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Apple slapped with 75 lawsuits by staff of titsup French computer biz

Give us our Jobs back, say Fruit of Fury protesters

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Apple was sued 75 times on Tuesday as former employees of reseller eBizcuss filed individual suits against the iPhone-maker in Paris.

eBizcuss was the biggest reseller of Apple products in France until the end of May, when the firm went into administration. In December the eBizcuss CEO Francois Prudent claimed that the financial woes of the reseller were a direct result of Apple's business practices.

Prudent said the fruity firm had withheld stock and prioritised its own stores. He filed a lawsuit against Apple but the suit was invalidated when eBizcuss went under. Now the reseller's former employees are taking matters into their own hands.

In the suits filed at the Prud'hommes tribunal, 75 former employees of eBizcuss have claimed that Apple was effectively their "co-employer" because it had such control over the business. The former employees are now demanding either new employment or extra severance pay.

Patricia Allouche told Le Figaro:

We consider [Apple] to be our employer, in light of the specifications that it imposed on us, because it sets the layout of shops, because it trained the salespeople and controlled the merchandising, etc.. and [because] 80 per cent of the products that we present are of the Apple brand. [translated]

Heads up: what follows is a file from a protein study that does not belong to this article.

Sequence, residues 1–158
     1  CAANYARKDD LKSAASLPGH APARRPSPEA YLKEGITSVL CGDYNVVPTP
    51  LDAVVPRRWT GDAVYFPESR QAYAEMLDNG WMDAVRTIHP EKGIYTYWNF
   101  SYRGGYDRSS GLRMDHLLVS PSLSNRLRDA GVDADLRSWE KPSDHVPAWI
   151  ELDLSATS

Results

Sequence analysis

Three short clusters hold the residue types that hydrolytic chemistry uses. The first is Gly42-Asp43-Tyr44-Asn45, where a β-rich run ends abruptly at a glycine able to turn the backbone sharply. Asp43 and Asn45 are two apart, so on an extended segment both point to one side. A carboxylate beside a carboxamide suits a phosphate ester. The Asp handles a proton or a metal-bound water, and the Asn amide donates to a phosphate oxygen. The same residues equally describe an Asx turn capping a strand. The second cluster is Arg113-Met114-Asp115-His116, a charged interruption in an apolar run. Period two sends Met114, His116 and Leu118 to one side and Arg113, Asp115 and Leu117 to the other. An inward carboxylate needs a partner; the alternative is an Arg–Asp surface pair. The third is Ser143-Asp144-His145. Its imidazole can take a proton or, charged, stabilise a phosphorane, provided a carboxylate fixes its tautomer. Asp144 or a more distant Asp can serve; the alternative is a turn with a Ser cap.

Class action suits are not possible in France – suits can be taken in the interests of collectives but each claimant needs to be individually named – so the 75 employees each turned up to the court to present their claim.

Logo of the La pomme de discorde movment, credit la pomme de discorde

A group of these former employees have started a campaign called "Pomme de Discorde" – literally the Apple of Trouble, a phrase used to mean "the bone of contention".

The deadline for rescue bids for the collapsed firm passed this week. According to the financial press office for eBizcuss, CapValue, several bids have been received and the administrator will take a fortnight to weigh them up before making a decision. ®

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